Tag Archive for: Islamic Mysticism

Introduction to Islamic Metaphysics: A Contemporary Sufi Treatise on the Secrets of the Divine Name – Yousef Casewit

Abstract:

“In this masterful treatise of Sufi spirituality and metaphysics, Shaykh Mohamed Faouzi al-Karkari maps out the mystical journey to God as an initiatic progression through seven degrees of realization, or readings, of the divine Name Allāh. These seven degrees encapsulate what it means to read in the Name of the Lord, letter by letter, syllable by syllable, until the Hu, Lahu, Lillāh, ilāh, Allāh, Alif, and the Treasure-Dot are inwardly realized in the heart of the wayfarer. The Shaykh guides the reader from secret to secret, or reading to reading, devoting ten subchapters to each degree of the divine Name. Written with both metaphysical rigor and poetic elegance, the book comprises seventy short chapters that correspond to the seventy veils of Light and darkness between God and creation. Throughout the book, he emphasizes the centrality of directly witnessing the Divine Light, the indispensability of a living spiritual master, the dynamic between transcendence and immanence, the purification of the heart, and wholehearted commitment to practicing the Sunna and continuous invocation as a means of attaining direct knowledge of God. Describing the fruit of wayfaring, the Shaykh proclaims: “[It is] a matter of sheer fruitional experience, tasted only by those who plunge the depths of the kernel of the heart..”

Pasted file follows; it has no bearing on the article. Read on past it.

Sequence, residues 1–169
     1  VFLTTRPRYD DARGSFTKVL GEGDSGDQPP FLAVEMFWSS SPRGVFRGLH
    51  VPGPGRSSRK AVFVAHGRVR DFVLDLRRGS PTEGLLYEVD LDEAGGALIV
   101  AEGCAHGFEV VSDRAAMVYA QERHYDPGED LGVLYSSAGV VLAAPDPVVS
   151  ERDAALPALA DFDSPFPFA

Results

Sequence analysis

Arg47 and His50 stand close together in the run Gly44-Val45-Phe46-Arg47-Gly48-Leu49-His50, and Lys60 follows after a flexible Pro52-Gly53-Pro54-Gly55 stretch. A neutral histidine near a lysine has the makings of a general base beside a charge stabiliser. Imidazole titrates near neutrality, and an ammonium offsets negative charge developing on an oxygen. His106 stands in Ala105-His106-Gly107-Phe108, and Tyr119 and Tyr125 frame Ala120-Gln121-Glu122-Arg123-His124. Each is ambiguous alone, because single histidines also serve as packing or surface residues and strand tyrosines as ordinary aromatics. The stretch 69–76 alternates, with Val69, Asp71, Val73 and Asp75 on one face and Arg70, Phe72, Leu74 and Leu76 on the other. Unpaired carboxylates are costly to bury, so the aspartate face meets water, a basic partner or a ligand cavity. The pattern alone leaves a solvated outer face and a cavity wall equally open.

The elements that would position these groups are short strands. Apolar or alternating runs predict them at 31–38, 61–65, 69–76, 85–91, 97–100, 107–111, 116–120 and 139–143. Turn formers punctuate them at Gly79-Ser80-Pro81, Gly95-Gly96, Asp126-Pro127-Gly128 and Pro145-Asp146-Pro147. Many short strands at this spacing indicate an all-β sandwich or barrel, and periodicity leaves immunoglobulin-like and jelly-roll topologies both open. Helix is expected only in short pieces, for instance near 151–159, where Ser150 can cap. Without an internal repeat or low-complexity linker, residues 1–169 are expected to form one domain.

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Actionless Action – Mohammed Rustom

Abstract:

“It has indeed been a blessing to sit with the great Kenan Rifai’s commentary upon book one of Mevlana’s Mesnevi .Spending time with this book naturally led me to Kenan Rifai’s explanation of a famous tale in the Mesnevi  centered around ‘Ali b. Abi Talib tale is retold from Islamic tradition and is cast in Mevlana’s unique terms and worldview. The long and short of the story is as follows: in the heat of a one-on-one encounter with an enemy of Islam, ‘Ali gained the upper hand and thru this opponent to the ground. Just as he was about to finish him off withone blow from his sword, the enemy spat at ‘Ali’s face. When this happened, ‘Ali immediately dropped his sword and walked away. This per-plexed his enemy, and led him to ask ‘Ali in earnest why he had not killed him at that very moment. ‘Ali then speaks, telling the enemy that he only fights for the sake of God. But, when the man insulted him by spitting at him, the possibility that it would become a personal affair had presented itself to him. So he walked away from the situation. ‘Ali then explains that he never acts out of self-interest, but only for, in, and through God

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